Convention No. 122: In its 2003 direct request, the Committee recalled that the compilation and analysis of statistical information has to serve as a basis for the adoption of employment policy measures. The Committee once again requested information on the situation, level and trends of employment, unemployment and underemployment throughout the country and the extent to which they affect the most vulnerable categories of workers (such as women, young persons and rural workers), who often encounter the greatest difficulties in finding lasting employment.

Turkey

I. Among the relevant ILO Conventions, Turkey has ratified Conventions Nos. 100 and 111. Turkey has also ratified Conventions Nos. 29, 45, 87, 98, 105, 122, 138, 142, and 182.

II. Comments made by the ILO supervisory bodies. The pending comments of the ILO Committee of Experts relevant to the provisions of CEDAW relate to:

Convention No. 100: In its 2002 direct request, the Committee noted with interest that the revised Civil Code (Act No. 4721) which entered into force on 1 January 2002 repeals a number of provisions of the Civil Code of 1926 which had been considered contrary to gender equality. With reference to its previous comments on discrimination in the payment of certain benefits to public servants for reasons that are linked to their gender, the Committee noted that under the new Civil Code equality of spouses has been established, including in respect to representing the conjugal community in legal matters. The Committee noted the Government’s statement that the legal basis for discriminatory payment of certain benefits to the husband, such as family allowances, no longer exists and that work was under way to reflect these changes in the Civil Service Act No. 657. The Committee asked the Government to keep it informed of the progress made in this regard and to provide a copy of any amendments to the Civil Service Act to ensure equal remuneration, including allowances, of men and women in the civil service in accordance with the Convention.

The Committee noted that Turkish Confederation of Employer Associations (TISK) refers to section 6, paragraph 4, of the Labour Act No. 1474 which provides for equal wages for men and women for "work of the same nature with the same output". According to TISK this provision did not quite reflect the principle of "equal remuneration for work of equal value" and that it would be appropriate if the provision in question would be brought into line with the wording of the Convention. The Committee also noted the Government’s view that for the purpose of the implementation of the Convention there was no substantial difference between the terms "work of equal nature" and "work of equal value". However, the Committee does not consider the meaning of "work of the same nature with the same output" and the principle of "equal remuneration for work of equal value" to be identical because the two phrases have different connotations and interpretations of the two concepts may differ in practice. The Committee believed that formally reflecting the principle of equal remuneration for men and women for work of equal value in the Labour Act would positively contribute to the application of the Convention and encouraged the Government to undertake further consideration in this regard, in close cooperation with the social partners.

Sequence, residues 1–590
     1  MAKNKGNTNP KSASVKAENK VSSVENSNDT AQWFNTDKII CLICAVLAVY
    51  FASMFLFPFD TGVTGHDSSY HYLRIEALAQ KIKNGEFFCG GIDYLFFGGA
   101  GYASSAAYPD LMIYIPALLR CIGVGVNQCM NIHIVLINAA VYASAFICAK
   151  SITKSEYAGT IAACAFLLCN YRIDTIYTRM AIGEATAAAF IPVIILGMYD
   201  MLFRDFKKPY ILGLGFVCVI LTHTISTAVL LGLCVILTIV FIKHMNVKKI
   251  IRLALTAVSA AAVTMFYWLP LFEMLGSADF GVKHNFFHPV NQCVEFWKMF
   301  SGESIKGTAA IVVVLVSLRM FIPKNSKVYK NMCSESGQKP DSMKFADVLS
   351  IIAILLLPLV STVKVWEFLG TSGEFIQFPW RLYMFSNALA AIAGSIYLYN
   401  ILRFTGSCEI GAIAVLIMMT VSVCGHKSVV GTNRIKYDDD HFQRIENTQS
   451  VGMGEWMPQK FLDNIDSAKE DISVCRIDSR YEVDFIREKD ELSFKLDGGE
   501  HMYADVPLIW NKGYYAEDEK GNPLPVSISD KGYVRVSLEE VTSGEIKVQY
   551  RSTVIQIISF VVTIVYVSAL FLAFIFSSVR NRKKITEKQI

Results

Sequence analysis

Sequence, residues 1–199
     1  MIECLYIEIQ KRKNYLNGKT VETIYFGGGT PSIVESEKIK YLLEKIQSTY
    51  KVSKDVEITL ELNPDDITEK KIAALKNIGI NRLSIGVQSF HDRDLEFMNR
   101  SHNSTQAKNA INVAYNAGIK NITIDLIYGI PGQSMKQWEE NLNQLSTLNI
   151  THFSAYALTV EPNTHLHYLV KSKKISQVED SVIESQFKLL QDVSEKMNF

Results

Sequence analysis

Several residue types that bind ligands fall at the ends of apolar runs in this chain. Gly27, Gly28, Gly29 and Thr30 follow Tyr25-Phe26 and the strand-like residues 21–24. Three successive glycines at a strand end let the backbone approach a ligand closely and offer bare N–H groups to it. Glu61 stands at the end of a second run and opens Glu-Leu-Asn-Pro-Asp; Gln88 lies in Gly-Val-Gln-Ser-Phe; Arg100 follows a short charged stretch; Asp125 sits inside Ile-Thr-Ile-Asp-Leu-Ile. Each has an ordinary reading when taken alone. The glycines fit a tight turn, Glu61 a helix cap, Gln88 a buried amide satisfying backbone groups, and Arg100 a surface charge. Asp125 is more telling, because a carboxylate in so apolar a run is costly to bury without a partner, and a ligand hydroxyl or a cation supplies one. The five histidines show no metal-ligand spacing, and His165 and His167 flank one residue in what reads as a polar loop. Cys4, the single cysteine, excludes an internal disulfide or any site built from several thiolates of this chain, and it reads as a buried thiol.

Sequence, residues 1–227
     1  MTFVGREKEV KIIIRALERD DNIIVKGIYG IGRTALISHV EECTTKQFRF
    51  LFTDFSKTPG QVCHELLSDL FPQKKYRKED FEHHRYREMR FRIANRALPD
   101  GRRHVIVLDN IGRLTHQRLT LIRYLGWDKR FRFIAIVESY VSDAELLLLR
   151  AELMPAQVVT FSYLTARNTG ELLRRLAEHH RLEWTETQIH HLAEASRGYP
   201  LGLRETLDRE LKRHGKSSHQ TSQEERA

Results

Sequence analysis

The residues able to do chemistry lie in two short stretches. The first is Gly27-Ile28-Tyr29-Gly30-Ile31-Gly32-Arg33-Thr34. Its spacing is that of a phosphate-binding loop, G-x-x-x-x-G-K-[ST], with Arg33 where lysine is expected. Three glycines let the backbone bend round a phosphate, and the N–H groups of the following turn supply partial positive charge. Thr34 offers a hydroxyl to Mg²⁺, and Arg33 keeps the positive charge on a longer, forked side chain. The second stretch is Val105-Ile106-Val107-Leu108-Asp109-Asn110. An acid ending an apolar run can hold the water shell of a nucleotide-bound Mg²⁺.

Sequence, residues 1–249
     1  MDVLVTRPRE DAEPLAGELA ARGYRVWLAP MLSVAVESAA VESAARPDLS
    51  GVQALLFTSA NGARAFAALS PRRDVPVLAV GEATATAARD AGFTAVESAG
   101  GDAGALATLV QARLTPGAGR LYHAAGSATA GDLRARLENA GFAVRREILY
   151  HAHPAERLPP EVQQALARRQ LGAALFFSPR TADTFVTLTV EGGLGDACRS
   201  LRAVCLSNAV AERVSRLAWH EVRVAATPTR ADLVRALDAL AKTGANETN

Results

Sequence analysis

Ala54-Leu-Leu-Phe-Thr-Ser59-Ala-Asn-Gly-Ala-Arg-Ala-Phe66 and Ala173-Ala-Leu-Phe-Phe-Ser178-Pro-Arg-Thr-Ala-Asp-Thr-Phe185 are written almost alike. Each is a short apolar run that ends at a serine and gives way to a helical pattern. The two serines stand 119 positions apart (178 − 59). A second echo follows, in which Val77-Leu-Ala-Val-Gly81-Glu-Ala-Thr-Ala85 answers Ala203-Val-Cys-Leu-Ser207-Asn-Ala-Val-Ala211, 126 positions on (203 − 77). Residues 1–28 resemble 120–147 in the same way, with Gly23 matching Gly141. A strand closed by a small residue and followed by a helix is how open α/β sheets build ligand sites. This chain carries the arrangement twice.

Recalling its previous comments concerning the application of the Convention to all workers, including self-employed workers, the Committee noted from the Government’s report that no legislative amendment respecting atypical work, such as home work, as envisaged by the Eighth Five-Year Development Plan, has yet been adopted. The Committee hoped that any future legislation on atypical work will incorporate the principle of equal remuneration of men and women for work of equal value and asked the Government to provide copies of any amendments made. Please also provide information on any other measures taken in the context of the current Five-Year Development Plan aiming at the reduction of wage inequalities.

The Committee noted that in 2001, 61 per cent of all employed women were engaged in the occupational group of agricultural workers, while only 0.8 per cent were employed in the category of "administrative, executive and managerial workers". In comparison, some 30 per cent of all employed men were engaged in agricultural occupations, while some 3.3 per cent were in administrative, executive and managerial occupations. Among the persons being employed in the latter category, only 8 per cent were women. The data concerning the participation of men and women in the various fields of economic activities likewise revealed a very high degree of concentration of women in agriculture. The Committee recalled that horizontal and vertical occupational segregation of women into lower paying jobs or occupations and lower positions without promotion opportunities is one of the causes of pay differentials between men and women and requested the Government to provide information on the measures taken or envisaged to promote the principles of the Convention through policies aimed at labour market desegregation (e.g. promoting equal access of women to all occupations and economic sectors and to jobs with decision-making and management responsibilities).